The characteristics of this corrupted nature are also described in Article 9.  Each person is naturally inclined to evil, enslaved to sin.  Said differently, each person's will and desires are always contrary to God's will and desires.  God's will is for unity, for worship of God and love of one another, but the human will is for none of these.  Consequently, every person deserves "God's wrath and damnation."  As the American BCP succinctly describes, by the fall "we became subject to evil and death."

Another aspect of the condition of humanity is described in Article 10.  This says that a person cannot turn to faith and to calling upon God by the person's "own natural strength and good works."  No person has the power to do anything that is "pleasant and acceptable to God."  Thus, in summation, the characteristics of fallen nature are an inclination toward evil (no worship or love), an inability to turn to God or to please God (no unity), and a status before God as condemned.

There is an exception in Article 10 to the statement that no one can please God.  By God's grace through Christ repairing the human will and working with the person whose will has been repaired, such a person can please God.  This repairing of the will is known as "regeneration."  As a regenerate person one is, by God's grace, returned to unity with God and capable both of worshipping God and of loving one's neighbor.  But a regenerate person is not a person who no longer sins, or is no longer inclined toward evil.  As Article 9 states, the "infection of nature" remains in the regenerate person.  The principal difference between the unregenerate fallen person and the regenerate (but still fallen) person is the status of each before God.  Whereas the unregenerate person stands condemned, "there is no condemnation for them that believe and are baptized."  Perfection of human nature--and therefore perfect worship, love, and unity--only comes in the afterlife.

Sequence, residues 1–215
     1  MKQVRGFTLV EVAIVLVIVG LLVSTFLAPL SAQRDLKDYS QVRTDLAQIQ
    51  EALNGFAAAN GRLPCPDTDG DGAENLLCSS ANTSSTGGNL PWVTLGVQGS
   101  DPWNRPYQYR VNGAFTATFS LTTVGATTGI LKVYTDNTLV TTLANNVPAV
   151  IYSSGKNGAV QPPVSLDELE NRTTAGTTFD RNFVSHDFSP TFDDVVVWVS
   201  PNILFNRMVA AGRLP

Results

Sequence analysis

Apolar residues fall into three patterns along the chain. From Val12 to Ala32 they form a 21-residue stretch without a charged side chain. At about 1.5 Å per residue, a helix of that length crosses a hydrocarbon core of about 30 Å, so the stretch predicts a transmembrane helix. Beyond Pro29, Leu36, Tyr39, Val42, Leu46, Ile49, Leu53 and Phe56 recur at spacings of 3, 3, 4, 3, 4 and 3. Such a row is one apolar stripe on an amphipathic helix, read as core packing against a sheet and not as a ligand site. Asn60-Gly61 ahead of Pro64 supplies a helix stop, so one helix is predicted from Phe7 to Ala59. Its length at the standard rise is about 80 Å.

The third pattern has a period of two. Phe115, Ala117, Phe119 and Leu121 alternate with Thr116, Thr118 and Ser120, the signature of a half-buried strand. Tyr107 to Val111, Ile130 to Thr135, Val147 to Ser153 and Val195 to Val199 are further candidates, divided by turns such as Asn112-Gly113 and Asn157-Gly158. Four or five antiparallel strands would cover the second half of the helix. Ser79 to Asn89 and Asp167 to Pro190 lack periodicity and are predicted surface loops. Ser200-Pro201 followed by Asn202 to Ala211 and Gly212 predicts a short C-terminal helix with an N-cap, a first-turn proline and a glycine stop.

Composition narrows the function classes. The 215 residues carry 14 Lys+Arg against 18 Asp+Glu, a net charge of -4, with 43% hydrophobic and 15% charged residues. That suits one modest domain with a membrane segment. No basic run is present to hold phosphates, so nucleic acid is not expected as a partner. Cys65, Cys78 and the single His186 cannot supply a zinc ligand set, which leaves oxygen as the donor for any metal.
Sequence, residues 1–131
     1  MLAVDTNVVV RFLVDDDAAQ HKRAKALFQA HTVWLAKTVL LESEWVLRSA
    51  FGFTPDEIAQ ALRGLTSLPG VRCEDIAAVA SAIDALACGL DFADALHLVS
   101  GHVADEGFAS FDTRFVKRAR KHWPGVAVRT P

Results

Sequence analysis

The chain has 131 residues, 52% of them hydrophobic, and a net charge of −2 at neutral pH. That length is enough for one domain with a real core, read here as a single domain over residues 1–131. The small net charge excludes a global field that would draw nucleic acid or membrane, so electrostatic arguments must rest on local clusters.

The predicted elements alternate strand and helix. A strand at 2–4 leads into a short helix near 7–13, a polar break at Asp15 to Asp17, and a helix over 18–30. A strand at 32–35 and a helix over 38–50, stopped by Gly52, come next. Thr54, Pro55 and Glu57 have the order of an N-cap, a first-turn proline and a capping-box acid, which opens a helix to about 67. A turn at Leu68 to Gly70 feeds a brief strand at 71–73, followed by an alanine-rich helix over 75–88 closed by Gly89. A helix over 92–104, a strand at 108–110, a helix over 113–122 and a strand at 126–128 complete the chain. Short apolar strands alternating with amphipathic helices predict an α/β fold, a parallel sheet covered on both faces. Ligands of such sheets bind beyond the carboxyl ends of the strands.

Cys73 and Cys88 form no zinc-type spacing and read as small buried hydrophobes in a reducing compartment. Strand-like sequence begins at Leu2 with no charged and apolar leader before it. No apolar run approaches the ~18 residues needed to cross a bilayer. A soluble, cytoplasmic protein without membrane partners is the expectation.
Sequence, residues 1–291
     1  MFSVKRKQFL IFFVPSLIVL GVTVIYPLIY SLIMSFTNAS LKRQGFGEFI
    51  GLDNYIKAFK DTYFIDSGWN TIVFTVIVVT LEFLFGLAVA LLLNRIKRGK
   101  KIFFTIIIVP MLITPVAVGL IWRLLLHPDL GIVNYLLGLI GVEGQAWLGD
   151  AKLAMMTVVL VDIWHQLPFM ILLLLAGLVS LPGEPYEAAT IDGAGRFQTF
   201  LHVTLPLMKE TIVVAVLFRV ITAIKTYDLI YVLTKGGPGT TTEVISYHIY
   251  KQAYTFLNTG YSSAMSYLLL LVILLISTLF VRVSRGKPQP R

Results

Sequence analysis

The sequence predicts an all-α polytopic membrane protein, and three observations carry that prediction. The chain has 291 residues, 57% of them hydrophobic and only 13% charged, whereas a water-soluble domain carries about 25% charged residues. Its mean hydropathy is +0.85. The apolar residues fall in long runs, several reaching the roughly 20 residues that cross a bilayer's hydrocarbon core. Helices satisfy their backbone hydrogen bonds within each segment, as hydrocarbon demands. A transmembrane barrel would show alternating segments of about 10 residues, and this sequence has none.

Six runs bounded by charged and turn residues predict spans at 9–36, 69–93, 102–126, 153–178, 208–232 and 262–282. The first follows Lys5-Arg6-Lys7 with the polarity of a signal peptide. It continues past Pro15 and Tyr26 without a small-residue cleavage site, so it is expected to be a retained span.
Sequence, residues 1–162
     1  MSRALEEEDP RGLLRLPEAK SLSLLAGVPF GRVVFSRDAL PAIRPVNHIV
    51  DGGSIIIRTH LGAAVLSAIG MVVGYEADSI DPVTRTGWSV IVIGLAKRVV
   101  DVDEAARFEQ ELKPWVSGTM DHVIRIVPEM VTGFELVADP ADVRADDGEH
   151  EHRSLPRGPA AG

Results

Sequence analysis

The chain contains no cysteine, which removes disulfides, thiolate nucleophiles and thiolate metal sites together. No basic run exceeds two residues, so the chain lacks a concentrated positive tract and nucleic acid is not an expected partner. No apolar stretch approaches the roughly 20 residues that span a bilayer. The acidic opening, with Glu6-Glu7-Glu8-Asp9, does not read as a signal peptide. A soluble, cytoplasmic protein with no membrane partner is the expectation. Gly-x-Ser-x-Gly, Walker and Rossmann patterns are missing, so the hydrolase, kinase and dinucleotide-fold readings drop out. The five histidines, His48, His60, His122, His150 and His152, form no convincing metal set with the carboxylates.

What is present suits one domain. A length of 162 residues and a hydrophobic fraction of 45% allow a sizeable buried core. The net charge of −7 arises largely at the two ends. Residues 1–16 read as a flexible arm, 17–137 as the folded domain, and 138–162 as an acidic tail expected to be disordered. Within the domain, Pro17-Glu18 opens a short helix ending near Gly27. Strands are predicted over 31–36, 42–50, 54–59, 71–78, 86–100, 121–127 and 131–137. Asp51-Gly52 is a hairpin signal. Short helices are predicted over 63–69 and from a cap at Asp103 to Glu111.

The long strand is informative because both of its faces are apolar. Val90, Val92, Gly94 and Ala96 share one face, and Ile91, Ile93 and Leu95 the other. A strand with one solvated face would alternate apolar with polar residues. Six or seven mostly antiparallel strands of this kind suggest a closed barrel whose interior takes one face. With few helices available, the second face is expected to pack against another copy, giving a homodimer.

As was mentioned above, Anglican views of human nature are extremely diverse.  Some hold a more Arminian perspective, allowing for a universal prevenient grace, that is, grace that enables any person to turn to God.  Others downplay, reinterpret, or reject the fall narrative, focusing on humanity as the bearer of God's image, or perhaps taking an evolutionary perspective of humanity's spiritual, as well as physical, development and potential.

Study Questions:
     1.     What does the Book of Common Prayer reveal about the purpose of existence?
     2.     Describe the relationship between unity and the Anglican purpose of existence.
     3.     Why should human nature be considered in three states? What does each include?
     4.     What does the Thirty-nine Articles reveal about the fall of human nature?
     5.     How does the Anglican understanding of creation relate to the Anglican understanding of salvation?